This section is from the book "Handbook Of Hardy Trees, Shrubs, And Herbaceous Plants", by W. Botting Hemsley. Also available from Amazon: Handbook of hardy trees, shrubs, and herbaceous plants.
Leaves usually thick and fleshy, usually in dense rosettes. Parts of the flower in sixes or more. Stamens usually double the number of petals. Species numerous, from the Mediterranean region, Atlantic islands, etc. The name is from semper, ever, and vivo, to live.
1. S. tectorum. House Leek. - This is the tufted plant so frequently seen growing in patches on old houses and outbuildings in this country. Leaves glandular-pubescent, ciliate, obovate-lanceolate, mucronate. Flower-stems about a foot high; flowers dull purple.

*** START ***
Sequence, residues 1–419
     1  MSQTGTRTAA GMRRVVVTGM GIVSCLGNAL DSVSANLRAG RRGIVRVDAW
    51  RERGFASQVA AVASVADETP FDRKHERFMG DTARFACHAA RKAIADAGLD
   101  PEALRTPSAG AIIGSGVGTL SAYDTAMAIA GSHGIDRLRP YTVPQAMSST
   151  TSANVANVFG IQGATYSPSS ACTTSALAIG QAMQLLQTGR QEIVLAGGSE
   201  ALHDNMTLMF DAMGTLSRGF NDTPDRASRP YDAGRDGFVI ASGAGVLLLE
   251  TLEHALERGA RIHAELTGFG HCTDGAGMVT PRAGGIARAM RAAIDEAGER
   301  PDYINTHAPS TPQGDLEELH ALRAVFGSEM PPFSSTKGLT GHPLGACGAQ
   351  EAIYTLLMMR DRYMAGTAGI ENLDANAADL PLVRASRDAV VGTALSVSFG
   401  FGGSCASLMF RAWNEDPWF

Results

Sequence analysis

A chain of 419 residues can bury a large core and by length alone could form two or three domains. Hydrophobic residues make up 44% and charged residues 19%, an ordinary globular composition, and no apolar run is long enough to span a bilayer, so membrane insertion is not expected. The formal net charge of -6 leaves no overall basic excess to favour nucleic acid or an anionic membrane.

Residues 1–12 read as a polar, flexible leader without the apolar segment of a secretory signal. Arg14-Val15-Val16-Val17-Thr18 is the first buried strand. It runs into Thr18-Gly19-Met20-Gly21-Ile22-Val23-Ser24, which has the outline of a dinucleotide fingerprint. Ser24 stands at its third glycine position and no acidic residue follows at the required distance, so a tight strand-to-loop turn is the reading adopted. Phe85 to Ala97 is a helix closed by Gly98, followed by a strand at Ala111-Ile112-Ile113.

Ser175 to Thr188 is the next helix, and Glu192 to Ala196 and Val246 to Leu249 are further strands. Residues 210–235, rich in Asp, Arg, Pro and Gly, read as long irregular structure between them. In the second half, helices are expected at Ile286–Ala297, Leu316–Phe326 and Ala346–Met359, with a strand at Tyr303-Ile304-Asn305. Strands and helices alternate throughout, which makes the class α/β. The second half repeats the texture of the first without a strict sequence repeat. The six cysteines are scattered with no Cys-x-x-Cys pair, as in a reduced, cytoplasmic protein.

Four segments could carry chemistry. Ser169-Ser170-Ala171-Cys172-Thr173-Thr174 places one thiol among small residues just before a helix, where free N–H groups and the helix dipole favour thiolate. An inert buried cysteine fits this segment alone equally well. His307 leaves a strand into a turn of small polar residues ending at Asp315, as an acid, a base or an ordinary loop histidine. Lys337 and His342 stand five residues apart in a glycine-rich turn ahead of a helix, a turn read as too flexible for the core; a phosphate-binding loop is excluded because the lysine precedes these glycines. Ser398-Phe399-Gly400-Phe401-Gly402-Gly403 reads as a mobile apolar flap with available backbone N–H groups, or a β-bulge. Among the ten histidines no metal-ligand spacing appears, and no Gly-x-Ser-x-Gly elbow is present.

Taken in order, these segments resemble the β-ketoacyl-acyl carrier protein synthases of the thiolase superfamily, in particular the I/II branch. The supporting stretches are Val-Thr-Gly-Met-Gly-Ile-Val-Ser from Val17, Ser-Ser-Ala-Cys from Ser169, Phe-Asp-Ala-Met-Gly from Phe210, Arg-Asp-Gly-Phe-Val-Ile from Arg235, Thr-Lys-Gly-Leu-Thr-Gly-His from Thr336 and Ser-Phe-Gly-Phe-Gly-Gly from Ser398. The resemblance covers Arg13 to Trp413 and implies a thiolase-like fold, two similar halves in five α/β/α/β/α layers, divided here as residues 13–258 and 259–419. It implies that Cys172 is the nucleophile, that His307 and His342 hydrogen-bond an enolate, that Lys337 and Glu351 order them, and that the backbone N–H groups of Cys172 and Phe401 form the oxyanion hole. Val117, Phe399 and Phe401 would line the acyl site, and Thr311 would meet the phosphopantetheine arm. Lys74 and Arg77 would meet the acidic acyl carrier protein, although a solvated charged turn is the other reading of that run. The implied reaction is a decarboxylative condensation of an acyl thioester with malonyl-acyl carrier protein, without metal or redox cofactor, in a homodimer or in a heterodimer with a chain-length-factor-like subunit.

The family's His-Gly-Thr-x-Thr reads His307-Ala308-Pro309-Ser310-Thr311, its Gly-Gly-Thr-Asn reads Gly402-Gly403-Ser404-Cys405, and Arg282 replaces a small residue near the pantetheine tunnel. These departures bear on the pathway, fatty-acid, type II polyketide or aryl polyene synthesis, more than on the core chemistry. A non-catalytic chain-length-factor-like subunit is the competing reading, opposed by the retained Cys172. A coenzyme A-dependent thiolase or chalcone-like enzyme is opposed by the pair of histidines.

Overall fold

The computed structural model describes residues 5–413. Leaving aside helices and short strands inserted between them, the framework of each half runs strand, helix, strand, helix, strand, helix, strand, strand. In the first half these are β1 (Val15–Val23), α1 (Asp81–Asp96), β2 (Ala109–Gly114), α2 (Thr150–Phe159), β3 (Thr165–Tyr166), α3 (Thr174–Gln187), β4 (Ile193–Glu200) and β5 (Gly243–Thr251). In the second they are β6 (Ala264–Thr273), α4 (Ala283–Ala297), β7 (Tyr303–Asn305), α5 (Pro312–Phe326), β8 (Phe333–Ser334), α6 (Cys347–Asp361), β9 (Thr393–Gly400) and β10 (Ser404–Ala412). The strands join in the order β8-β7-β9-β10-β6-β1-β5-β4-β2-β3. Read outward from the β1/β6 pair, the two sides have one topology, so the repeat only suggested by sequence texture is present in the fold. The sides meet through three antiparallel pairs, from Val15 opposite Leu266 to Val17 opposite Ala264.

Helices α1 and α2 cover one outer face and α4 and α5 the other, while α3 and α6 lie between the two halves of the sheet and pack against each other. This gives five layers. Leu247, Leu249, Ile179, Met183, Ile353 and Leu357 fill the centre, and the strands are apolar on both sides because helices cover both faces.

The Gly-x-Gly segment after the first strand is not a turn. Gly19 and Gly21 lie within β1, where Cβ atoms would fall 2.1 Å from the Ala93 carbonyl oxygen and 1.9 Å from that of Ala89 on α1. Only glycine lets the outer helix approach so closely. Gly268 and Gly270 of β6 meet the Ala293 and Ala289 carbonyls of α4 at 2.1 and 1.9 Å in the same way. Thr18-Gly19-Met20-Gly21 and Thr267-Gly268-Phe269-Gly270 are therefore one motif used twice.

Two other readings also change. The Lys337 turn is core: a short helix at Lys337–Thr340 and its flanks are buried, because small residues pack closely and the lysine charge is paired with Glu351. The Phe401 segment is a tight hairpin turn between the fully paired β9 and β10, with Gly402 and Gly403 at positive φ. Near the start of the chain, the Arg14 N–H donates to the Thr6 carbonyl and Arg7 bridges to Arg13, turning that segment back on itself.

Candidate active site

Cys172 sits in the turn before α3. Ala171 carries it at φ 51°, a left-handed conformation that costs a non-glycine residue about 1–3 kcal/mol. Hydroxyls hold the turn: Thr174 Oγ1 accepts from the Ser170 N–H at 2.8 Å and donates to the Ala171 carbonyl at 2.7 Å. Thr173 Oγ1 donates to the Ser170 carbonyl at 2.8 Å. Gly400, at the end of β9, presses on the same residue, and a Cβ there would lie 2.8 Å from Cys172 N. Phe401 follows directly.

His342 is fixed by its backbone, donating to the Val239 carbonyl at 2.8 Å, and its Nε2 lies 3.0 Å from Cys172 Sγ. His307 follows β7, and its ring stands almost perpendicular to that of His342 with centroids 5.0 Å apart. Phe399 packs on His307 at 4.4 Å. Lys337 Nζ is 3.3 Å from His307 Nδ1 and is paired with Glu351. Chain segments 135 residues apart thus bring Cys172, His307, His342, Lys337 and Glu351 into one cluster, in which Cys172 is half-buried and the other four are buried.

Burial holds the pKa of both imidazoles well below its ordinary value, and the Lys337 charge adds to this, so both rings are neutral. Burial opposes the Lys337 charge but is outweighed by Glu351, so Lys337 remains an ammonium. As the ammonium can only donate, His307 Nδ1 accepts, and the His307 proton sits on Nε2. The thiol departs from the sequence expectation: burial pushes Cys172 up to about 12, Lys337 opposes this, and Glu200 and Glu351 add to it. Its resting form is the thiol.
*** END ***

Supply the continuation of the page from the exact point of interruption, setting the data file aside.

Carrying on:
Besides the above there are several other species occasionally met with in collections, and some are now employed for bedding purposes. S. calcareum, syn. S. Californicum of gardens, a European species, is the one most commonly employed. This has broad rosettes of oblong glaucous leaves with dark tips and purplish flowers. S. arachnoldeum, avenarium, globi-ferum, Ruthenicum, and many others, are coming into general cultivation.
Grammanthes gentianoides, a native of South Africa, is a pretty dwarf annual about 6 inches high with a profusion of crimson or scarlet flowers tinged with yellow. Cotyledon Umbilicus, the Navelwort or Pennywort, found growing on dry banks and walls, also belongs to this group.